1985-01 January 1985 Newsletter

Wines evaluated last month: 136 Rejected: 98 Approved: 36 Selected: 2


Now it is one thing to run a winery out of garage or a basement, but to run one out of a bedroom!… that is something else.

Ed Masciana, owner of Hamilton Cellars, sent me some background information on his operation. At the end of the fact sheet, he extended this invitation: "We invite you to visit our winery/apartment, a cozy, one bedroom abode just minutes from the El Camino College parking lot."

You see... Hamilton Cellars is his label, but he does not make any wine. He just tastes and tests wines that others make. When he has found what he wants, he negotiates a purchase and markets it.

His expertise is his palate, and he is building a reputation on that. If his subsequent releases are as good and as sensibly priced as his first, it will be a brand worth watching. See page 2 for his first wine.

The red wine this month is the result of tracking Australian wines, for several years, at the International Food and Wine show in San Francisco. There is always a delegation from down under, showing their products. In the past, none of the red wines have stopped me in my tracks. Collectively they were rough, tough, and not to our palate. Very earthy.

Then along came this Chairman's Selection Cabernet Sauvignon,1977. by Hill-Smith Estate. Distinctly different to the trend of previous Australian red wines I had tasted. It was "our" style of wine. Curiously, their literature confirmed this…"Only the top wines of the vintage are selected by the Chairman to go under the distinct black label. They are deemed to be world class… the Estate Bottled labels with a buff color represent estate wines that are distinctively Australian varietal styles without aspiring to the classic status of the Chairman's Selection." I agree wholeheartedly, this cabernet is world class! Enjoy (hoard some!).

Membership in the Wine of the Month Club is open to anyone with an interest in and an appreciation for fine wines...and excellent wine values. Membership is FREE. For info, write: The Cellarmaster Wine of the Month Club, P.O. Box 217, Palos Verde, CA 90274.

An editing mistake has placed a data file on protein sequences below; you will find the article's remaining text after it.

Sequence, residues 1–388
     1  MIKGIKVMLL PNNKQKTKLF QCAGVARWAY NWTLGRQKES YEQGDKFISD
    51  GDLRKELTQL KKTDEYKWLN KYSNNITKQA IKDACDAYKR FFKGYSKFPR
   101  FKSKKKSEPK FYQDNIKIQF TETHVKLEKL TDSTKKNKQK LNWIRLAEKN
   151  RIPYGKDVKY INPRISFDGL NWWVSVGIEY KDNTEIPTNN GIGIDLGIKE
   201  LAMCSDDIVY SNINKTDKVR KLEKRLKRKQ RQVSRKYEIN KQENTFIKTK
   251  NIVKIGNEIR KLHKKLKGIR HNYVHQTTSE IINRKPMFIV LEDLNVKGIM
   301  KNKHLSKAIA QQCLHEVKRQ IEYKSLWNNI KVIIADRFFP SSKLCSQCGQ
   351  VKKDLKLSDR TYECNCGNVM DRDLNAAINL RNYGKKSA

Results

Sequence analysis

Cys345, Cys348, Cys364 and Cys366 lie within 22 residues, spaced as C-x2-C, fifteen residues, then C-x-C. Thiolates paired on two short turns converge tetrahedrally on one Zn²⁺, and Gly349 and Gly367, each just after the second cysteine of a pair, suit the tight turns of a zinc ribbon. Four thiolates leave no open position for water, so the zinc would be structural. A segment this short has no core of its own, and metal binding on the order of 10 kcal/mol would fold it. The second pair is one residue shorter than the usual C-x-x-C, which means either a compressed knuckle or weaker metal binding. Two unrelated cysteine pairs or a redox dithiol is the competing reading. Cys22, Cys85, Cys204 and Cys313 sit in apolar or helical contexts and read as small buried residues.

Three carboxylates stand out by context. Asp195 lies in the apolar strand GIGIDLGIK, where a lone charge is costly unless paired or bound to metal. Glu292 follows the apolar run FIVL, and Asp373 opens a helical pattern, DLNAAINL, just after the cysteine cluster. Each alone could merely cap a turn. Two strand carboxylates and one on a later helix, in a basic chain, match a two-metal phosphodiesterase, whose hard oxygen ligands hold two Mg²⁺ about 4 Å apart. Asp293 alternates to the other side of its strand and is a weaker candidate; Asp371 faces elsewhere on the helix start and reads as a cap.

I am delighted that Ed Masciana chose to take the plunge and go into the wine business for himself. I have known him for over 15 years. Throughout that time we have challenged each others palates with our discoveries. He is a true "no nonsense" wine devotee.

It was three years ago when he entered the wine field as a career. He was hired as the new marketing director for FM Vineyards Ltd. (see Nov. '82 and May '83 Club selections). Since all the hours he is awake, and maybe some his sleeping hours, are spent on wine investigation, Ed decided that the time was ripe for him to put his signature on his palate!

To my knowledge, he has become the first California "negociant-eleveur". My description of a negociant-eleveur in the March '83 newsletter reads: A negociant is basically a wine distributor who selects wine from different vintners and markets them under his own label. He "negociates" wine. The negociant-eleveur goes one step further... He elevates the wine he negociates for! He has ageing cel¬lars, he has blending vats, and he has a palate. He really is the extension of the winemaker."

Ed established Hamilton Cellars as his label. He gives his reason for becoming a negociant: "While there is a lot of talk regarding the wine glut, few are able to talk about the glut of good wines. I went searching for the good wine available and found very little. (sounds like the Wine of The Month Club creed!) Looking for a chardonnay, I passed up many samples, but came across two interesting ones. One, from a famous vineyard in Santa Maria, which was fermented in the barrel for a rich, buttery flavor, but lacked acid backbone to complement food. The other was a marriage of two San Luis Obispo vineyards, stainless steel fermented and very crisp. Voila! It took master winemaker Kurt Lorenzi to make sure the wines would marry well."

So Ed is on his way. He comments: "Good wines don't have to, cost a great deal. It constantly amazes me how other wines are priced because the producer thinks his wine is better than another overpriced wine. And so the spiral continues..."

This chardonnay is his first release. Only 1000 cases were available. 600 are going out of state, and the Club is getting a lions share of the rest. For the price, it is a buy as chardonnays go.